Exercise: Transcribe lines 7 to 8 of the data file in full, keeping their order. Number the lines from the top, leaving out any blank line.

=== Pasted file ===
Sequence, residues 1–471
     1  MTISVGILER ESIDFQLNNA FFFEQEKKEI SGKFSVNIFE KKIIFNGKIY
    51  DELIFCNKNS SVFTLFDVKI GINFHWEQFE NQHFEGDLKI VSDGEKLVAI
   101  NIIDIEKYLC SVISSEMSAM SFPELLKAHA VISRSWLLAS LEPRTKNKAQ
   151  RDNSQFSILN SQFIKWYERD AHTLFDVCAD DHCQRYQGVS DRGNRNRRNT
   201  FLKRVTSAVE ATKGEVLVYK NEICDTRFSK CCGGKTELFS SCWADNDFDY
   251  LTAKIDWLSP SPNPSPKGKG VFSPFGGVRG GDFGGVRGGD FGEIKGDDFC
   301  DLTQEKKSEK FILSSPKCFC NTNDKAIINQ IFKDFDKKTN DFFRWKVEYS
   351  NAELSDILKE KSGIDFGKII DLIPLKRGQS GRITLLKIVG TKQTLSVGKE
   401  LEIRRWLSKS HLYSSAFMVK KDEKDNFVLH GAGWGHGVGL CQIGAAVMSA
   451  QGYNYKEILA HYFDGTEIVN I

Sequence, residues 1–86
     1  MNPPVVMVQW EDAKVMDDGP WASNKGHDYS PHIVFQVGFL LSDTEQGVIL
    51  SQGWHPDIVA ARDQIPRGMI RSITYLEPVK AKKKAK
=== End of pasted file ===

   251  LTAKIDWLSP SPNPSPKGKG VFSPFGGVRG GDFGGVRGGD FGEIKGDDFC
   301  DLTQEKKSEK FILSSPKCFC NTNDKAIINQ IFKDFDKKTN DFFRWKVEYS